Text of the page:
‘Somewhere to Store All Those Memories’: Archive Fever in Simone Lazaroo’s Lost River


  • Susan Ash Edith Cowan University


memory, archive, hypomnesis, memorial, Simone Lazaroo, Jacques Derrida, Martin Heidegger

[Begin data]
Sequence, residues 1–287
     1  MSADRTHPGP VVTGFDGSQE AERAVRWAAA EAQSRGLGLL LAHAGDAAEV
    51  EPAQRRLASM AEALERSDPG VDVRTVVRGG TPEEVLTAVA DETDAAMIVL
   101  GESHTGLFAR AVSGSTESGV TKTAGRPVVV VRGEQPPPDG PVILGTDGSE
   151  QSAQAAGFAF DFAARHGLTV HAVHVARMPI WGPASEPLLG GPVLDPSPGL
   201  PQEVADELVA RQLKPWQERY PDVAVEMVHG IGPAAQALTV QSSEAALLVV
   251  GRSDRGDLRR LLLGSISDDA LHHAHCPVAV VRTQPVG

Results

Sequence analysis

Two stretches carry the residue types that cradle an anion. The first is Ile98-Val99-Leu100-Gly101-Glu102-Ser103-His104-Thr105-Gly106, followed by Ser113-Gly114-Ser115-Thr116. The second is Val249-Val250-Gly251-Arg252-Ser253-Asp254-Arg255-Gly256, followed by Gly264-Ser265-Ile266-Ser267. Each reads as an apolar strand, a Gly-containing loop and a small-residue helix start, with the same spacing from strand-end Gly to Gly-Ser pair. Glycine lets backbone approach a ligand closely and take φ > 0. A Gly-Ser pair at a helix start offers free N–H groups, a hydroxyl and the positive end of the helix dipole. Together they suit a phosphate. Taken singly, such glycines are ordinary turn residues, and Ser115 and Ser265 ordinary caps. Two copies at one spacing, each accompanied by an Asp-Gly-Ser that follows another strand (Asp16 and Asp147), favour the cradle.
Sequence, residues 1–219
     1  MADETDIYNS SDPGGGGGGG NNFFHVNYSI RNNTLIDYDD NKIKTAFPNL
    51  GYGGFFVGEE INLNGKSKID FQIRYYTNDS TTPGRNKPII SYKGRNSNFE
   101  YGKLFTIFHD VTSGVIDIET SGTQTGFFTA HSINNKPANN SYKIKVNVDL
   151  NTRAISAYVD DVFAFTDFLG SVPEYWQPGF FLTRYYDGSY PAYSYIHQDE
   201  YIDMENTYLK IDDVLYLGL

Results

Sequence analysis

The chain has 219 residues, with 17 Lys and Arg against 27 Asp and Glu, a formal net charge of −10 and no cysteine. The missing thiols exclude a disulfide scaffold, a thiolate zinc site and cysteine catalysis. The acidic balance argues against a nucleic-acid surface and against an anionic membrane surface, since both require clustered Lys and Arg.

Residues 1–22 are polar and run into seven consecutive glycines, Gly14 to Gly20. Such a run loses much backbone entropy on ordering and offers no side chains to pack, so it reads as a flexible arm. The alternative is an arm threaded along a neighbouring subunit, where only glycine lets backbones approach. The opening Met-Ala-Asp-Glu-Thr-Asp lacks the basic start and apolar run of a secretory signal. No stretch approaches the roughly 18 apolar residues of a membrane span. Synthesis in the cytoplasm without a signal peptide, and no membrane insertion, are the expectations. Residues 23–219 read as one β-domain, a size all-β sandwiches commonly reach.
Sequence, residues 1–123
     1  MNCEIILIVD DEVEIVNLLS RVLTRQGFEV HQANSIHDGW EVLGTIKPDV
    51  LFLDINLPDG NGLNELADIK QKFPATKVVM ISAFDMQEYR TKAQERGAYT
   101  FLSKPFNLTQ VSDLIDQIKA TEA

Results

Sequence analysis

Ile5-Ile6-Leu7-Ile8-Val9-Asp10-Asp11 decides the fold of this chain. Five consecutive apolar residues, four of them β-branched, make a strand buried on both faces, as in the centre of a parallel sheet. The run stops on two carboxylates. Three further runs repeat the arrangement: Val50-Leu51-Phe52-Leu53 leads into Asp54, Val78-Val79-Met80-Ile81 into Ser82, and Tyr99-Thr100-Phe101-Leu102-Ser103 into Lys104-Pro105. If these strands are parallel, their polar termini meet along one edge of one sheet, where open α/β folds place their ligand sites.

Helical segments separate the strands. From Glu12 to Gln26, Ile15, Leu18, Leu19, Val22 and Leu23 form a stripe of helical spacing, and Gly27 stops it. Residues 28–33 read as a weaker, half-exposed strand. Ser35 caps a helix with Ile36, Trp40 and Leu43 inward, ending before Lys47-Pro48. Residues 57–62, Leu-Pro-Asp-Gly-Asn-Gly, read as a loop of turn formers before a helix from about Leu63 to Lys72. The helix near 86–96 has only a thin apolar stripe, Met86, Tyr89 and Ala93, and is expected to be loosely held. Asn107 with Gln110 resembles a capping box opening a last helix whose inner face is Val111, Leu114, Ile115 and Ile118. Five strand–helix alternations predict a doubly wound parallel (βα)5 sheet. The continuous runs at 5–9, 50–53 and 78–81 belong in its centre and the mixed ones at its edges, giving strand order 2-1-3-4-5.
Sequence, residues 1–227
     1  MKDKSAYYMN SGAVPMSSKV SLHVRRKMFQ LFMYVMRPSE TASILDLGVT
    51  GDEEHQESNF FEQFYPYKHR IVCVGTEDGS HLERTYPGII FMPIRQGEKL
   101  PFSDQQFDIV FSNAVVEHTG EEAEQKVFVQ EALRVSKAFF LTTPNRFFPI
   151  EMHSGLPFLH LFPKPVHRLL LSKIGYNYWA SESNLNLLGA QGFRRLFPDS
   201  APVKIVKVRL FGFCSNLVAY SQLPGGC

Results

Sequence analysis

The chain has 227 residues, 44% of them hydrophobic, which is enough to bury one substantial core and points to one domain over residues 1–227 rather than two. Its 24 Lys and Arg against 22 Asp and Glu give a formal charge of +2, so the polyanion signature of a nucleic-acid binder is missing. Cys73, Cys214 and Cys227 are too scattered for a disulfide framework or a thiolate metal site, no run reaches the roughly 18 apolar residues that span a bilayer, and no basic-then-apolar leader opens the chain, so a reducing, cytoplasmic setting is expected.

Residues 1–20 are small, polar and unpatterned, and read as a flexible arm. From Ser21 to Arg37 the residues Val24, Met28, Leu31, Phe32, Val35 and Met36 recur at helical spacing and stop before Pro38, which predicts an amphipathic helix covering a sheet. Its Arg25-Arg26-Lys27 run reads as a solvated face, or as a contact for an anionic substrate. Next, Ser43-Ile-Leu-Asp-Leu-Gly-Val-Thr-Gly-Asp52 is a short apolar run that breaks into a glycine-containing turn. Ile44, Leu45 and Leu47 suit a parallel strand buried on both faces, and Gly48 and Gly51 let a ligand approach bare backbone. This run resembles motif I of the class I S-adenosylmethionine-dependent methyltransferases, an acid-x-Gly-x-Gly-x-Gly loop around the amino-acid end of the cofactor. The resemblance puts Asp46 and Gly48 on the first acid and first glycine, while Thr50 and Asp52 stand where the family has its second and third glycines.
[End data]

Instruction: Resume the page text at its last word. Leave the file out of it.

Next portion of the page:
This article examines how the concept of the archive may operate as a generative rather than purely repressive space for a young Eurasian woman, Ruth, who is dying of breast cancer in Simone Lazaroo’s novel, Lost River: Four Albums. I build on the concept of hypomnesis which first appeared in Plato’s Phaedrus to distinguish between the oral and written forms of remembering, but has come to signify the wider act of turning memory into something concrete, a product emerging from the process of remembering and memorialising. The preamble announces the marginalised Eurasian woman’s decision to use four discarded photograph albums as ‘Somewhere to store all those memories’ for her child, Dewi, to have after the mother’s passing.  The narrative then follows a nonlinear structure where each of the four albums investigates the origins and meaning of Dewi’s life from her conception until her mother’s final moments. I argue that this act of domiciling lives in these albums operates as a form of counter history, comprising moments that tell an alternative story about belonging for the disenfranchised. That is, operating from the bottom, as a mother intimately familiar with the precarity of home, Ruth designs her archive to demonstrate how dwelling, if you get it ‘right,’ may lead to a sense of binding love, happiness, and home. To conclude, the essay explores how Derrida’s ideas about ‘archival desire’ help to illustrate the kind of ‘taking care’ Heidegger privileges in his writing on dwelling.